Browse the ‘shelves of the net’ with Bookflavor


Do you ever miss the days when getting a new book meant going to a book store and wandering between the aisles, browsing and perusing the latest works from your favorite authors?

Even though I love the age of ebooks, I do still sometimes miss those days. Well, Bookflavor is a way we can get just a little bit of those days back. And although it is not 100% finished yet, the concept is very much worth taking a closer look at, so that’s what I did.

Bookflavor is a free to use web site that is currently under development but has already reached a usable and useful format. Essentially, it offers you the chance to view the latest books in a kind of virtual book shelf. When you select, for example, the New York Times Bestseller list you will be shown a page that offers you the covers of the books currently on that list. Each cover can be clicked to open a page devoted to that book, giving you information about the plot, the author, the history of the book itself (where applicable).


Along with that information, you’ll also (sometimes) be able to get reviews that have been posted from different people, both famous (such as critics or other authors) as well as personal reviews from people just like you that have read it. Alternately, you will eventually also be able to type in the name of a specific book or author and get information about that specific listing in the same manner. Once you find a book you like, using Bookflavor, you can easily get the link to purchase it from Amazon or another source of your choice.


While Bookflavor is still in development, it already offers a wealth of information and shows a great deal of promise as to what the finished and final product will look like. There’s a link in the upper right corner to the Bookflavor Blog, which will keep you up to date on all the latest developments and implementations for Bookflavor, as well as a link to the Bookflavor Twitter page with similar news in tweet format. One of the most interesting things about it (and you can read more on the blog page) is that it is being developed to work in harmony with other methods of searching, specifically for books. DuckDuckGo, for example, is now capable of using bang(!) search terms through DuckDuckGo to get results from the Bookflavor engine. It is this kind of forward-thinking and planning that will make Bookflavor a major success when it finally gets out of it’s Beta stages. In the meantime, try it out, and use the Feedback link (located beneath the Twitter and Blog links) to let the developer know what you think of it, what could make it better, where you think it’s falling down. Remember, your experience with a Beta program or product may not be the same as everyone else’s so it is always useful to give feedback. Until next time, my friends!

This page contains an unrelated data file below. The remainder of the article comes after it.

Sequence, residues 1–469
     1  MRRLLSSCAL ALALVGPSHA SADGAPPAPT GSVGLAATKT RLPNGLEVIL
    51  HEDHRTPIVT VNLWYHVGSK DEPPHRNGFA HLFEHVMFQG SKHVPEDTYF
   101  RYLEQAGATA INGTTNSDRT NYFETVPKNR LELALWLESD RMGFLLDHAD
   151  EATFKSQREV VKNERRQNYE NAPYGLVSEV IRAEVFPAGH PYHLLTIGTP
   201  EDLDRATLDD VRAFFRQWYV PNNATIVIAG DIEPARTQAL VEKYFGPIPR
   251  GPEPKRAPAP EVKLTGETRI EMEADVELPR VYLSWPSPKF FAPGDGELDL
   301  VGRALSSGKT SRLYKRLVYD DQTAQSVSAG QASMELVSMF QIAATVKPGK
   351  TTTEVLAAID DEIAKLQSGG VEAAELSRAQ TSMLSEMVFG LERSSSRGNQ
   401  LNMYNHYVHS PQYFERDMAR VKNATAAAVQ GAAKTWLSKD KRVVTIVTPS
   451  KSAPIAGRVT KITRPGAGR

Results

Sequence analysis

• Check out Bookflavor here.
  • Check out DuckDuckGo here.